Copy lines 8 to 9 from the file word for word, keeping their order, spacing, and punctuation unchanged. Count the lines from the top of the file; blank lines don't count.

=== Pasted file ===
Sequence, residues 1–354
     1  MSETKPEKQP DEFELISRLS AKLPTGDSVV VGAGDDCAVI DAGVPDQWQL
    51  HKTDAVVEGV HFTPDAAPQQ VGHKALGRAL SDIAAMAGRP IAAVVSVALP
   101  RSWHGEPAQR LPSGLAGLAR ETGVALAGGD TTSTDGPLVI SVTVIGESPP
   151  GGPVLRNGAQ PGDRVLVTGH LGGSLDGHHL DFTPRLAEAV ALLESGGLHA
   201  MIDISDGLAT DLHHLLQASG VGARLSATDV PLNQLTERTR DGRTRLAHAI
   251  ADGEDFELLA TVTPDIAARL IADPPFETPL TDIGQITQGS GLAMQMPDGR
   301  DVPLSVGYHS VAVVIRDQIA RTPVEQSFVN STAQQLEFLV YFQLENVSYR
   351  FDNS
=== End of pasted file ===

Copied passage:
   301  DVPLSVGYHS VAVVIRDQIA RTPVEQSFVN STAQQLEFLV YFQLENVSYR
   351  FDNS